Even with the loss of Russia, Carranza said she does not think growers of wild rice will be deterred from planting the crop, as “there are enough opportunities in other parts of the world that they can pursue.”

Besides California, Minnesota is the only other state that grows wild rice. In 2020, California produced some 7.2 million pounds of the specialty grain, while Minnesota produced 7.92 million pounds.

With about 10,000 acres in the state, wild rice remains a niche crop, especially compared to the more than 550,000 acres of traditional rice California typically grows. Due to water shortages, state rice plantings are expected to drop to 348,000 acres this year—the lowest since 1983, according to the U.S. Department of Agriculture.

Shasta County farmer Jim Rickert, who has been growing wild rice for 40 years, said water availability and rising input costs, especially for fertilizer, were key factors influencing his planting decisions. He seeded his crop in the fall, planting his usual 400 acres, though he has grown as many as 600 to 700 acres.

With the drought, his concern now, he said, is whether the state will allow him to use his water rights to finish the crop. “We’re in unprecedented times,” Rickert said. “I’m growing this crop on faith. The rules are changing as we speak.”

With the price of Calrose medium-grain rice looking more favorable than wild rice—and with high demand for water to keep orchards alive—Rickert said he expects little to no wild rice grown in the Sacramento Valley this year.

In the past, when wild-rice acreage was up in the 15,000 to 20,000 range, plantings were split between the mountain regions of Shasta, Modoc and Lassen counties and the Sacramento Valley, with some acreage in Lake County. This year, mountain growers and those with senior water rights or well water are expected to plant most of the wild-rice acreage, he said. With the cost of fertilizer and fuel escalating, “that’s not going to encourage a lot of people to expand production at all,” he added.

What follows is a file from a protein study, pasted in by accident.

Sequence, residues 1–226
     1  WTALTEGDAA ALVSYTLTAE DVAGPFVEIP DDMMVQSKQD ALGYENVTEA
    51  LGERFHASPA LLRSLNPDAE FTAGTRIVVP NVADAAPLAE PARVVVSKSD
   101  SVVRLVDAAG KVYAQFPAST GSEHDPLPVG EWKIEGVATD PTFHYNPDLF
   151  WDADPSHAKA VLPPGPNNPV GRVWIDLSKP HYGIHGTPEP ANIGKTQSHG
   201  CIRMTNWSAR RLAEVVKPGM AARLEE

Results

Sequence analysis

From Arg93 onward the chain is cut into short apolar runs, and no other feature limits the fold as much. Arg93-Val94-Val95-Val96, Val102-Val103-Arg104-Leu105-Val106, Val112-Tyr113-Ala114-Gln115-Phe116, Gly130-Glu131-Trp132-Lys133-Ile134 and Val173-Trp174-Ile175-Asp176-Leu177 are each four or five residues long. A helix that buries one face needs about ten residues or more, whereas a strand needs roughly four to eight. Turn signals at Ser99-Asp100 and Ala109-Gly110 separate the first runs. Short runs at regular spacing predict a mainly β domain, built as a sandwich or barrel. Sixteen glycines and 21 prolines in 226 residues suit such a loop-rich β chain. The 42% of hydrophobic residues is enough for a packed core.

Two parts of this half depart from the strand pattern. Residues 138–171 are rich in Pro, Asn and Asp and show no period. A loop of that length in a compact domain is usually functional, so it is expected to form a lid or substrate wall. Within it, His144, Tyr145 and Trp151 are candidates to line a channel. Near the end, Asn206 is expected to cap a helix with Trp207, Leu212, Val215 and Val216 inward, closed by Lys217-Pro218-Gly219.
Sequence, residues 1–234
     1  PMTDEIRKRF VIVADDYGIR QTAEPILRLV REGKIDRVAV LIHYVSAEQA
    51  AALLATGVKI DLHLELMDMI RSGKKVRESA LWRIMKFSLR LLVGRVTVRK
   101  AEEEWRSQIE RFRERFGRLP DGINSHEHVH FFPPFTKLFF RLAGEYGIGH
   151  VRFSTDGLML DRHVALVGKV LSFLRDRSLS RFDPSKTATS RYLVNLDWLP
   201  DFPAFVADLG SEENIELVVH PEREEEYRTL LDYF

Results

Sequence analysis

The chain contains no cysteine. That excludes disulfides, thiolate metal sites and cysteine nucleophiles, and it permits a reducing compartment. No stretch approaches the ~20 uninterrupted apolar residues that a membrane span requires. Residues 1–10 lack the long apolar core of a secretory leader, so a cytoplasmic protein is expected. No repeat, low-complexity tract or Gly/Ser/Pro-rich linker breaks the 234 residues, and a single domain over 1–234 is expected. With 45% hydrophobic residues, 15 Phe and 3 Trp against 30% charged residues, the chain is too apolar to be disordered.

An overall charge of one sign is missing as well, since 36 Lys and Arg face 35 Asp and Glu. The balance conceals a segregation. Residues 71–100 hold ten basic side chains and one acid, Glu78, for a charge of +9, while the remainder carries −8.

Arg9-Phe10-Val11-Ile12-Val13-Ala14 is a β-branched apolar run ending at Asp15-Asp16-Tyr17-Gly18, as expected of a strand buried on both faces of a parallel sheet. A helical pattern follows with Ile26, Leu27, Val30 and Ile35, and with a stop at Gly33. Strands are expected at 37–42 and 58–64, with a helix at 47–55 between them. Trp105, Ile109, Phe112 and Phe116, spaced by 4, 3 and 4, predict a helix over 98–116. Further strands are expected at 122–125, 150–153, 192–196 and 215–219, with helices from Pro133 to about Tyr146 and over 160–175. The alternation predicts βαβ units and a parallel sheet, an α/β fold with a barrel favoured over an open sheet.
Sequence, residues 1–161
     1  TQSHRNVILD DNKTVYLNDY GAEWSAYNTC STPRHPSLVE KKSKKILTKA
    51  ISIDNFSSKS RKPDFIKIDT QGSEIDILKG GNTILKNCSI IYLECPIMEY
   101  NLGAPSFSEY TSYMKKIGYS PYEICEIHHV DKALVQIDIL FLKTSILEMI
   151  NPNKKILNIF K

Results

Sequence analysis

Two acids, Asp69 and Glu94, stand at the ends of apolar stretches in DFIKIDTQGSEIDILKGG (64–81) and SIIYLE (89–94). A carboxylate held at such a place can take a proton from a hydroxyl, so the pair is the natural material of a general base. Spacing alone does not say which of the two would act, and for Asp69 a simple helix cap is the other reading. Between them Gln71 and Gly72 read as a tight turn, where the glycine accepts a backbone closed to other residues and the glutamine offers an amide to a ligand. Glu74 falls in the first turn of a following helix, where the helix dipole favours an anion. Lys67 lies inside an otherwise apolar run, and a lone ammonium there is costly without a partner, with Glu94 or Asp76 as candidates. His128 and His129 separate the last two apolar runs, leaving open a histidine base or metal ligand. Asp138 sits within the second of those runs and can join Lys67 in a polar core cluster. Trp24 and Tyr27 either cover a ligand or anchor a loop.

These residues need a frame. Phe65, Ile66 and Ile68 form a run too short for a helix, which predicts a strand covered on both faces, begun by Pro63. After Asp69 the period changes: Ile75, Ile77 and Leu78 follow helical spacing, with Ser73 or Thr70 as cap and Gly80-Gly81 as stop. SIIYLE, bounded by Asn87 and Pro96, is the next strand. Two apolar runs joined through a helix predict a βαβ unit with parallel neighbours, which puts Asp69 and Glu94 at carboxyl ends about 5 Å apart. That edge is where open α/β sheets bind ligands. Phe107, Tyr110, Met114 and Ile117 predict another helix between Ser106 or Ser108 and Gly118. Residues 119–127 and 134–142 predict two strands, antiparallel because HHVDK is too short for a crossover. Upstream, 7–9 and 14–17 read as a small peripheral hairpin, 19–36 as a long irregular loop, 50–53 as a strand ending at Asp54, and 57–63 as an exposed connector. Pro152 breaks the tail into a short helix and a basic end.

For California olive oil producers, impacts from the Russia-Ukraine war—which has sparked a global shortage of sunflower oil, raising demand for other cooking oils—so far have been minor.

While attending the Natural Products Expo West in March, Susanna Evans, sales manager for ENZO Olive Oil Co. in Fresno County, said people stopped by her booth to ask about pricing—and about whether the company also produces sunflower oil. Because sunflower oil costs “much less” than California olive oil, she said, it isn’t considered a viable substitute.

Jonathan Sciabica of Sciabica’s California Olive Oil in Modesto said demand for the company’s oil has remained steady, even though the company has had to raise its prices due to skyrocketing costs.

Sean McCauley, who sells 80% to 85% of his olive oil via his retail store in Contra Costa County, said his wholesale business and sales to food service have remained “pretty static.” But retail sales have seen a “double-digit spike.”

He attributed the growth to shoppers becoming more savvy about olive oil and wanting to support local farmers.

(Ching Lee is an assistant editor of Ag Alert. She may be contacted at [email protected])

Permission for use is granted, however, credit must be made to the California Farm Bureau Federation when reprinting this item.